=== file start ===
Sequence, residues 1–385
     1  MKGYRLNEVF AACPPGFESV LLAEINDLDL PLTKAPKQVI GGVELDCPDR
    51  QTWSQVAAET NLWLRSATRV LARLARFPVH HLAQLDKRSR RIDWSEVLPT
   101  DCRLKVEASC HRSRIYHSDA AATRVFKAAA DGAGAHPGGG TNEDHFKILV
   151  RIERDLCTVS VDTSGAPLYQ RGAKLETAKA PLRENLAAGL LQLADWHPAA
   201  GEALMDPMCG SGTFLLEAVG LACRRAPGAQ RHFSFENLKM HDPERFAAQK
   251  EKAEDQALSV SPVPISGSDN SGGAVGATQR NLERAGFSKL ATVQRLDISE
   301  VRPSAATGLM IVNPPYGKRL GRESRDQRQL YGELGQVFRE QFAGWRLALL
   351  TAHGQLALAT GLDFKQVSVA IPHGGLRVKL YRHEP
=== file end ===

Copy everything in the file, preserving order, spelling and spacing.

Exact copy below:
Sequence, residues 1–385
     1  MKGYRLNEVF AACPPGFESV LLAEINDLDL PLTKAPKQVI GGVELDCPDR
    51  QTWSQVAAET NLWLRSATRV LARLARFPVH HLAQLDKRSR RIDWSEVLPT
   101  DCRLKVEASC HRSRIYHSDA AATRVFKAAA DGAGAHPGGG TNEDHFKILV
   151  RIERDLCTVS VDTSGAPLYQ RGAKLETAKA PLRENLAAGL LQLADWHPAA
   201  GEALMDPMCG SGTFLLEAVG LACRRAPGAQ RHFSFENLKM HDPERFAAQK
   251  EKAEDQALSV SPVPISGSDN SGGAVGATQR NLERAGFSKL ATVQRLDISE
   301  VRPSAATGLM IVNPPYGKRL GRESRDQRQL YGELGQVFRE QFAGWRLALL
   351  TAHGQLALAT GLDFKQVSVA IPHGGLRVKL YRHEP